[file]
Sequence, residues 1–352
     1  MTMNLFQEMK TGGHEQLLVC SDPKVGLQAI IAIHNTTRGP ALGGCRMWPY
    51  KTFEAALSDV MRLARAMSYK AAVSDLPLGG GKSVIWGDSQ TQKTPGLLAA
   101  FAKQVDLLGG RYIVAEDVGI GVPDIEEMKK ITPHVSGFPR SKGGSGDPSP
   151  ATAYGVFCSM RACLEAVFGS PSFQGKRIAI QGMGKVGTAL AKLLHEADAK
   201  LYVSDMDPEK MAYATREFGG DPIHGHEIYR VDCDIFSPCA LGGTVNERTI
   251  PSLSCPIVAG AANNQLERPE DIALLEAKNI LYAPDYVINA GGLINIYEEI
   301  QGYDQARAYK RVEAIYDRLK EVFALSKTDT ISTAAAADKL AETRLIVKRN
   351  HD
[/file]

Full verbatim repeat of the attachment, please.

Sequence, residues 1–352
     1  MTMNLFQEMK TGGHEQLLVC SDPKVGLQAI IAIHNTTRGP ALGGCRMWPY
    51  KTFEAALSDV MRLARAMSYK AAVSDLPLGG GKSVIWGDSQ TQKTPGLLAA
   101  FAKQVDLLGG RYIVAEDVGI GVPDIEEMKK ITPHVSGFPR SKGGSGDPSP
   151  ATAYGVFCSM RACLEAVFGS PSFQGKRIAI QGMGKVGTAL AKLLHEADAK
   201  LYVSDMDPEK MAYATREFGG DPIHGHEIYR VDCDIFSPCA LGGTVNERTI
   251  PSLSCPIVAG AANNQLERPE DIALLEAKNI LYAPDYVINA GGLINIYEEI
   301  QGYDQARAYK RVEAIYDRLK EVFALSKTDT ISTAAAADKL AETRLIVKRN
   351  HD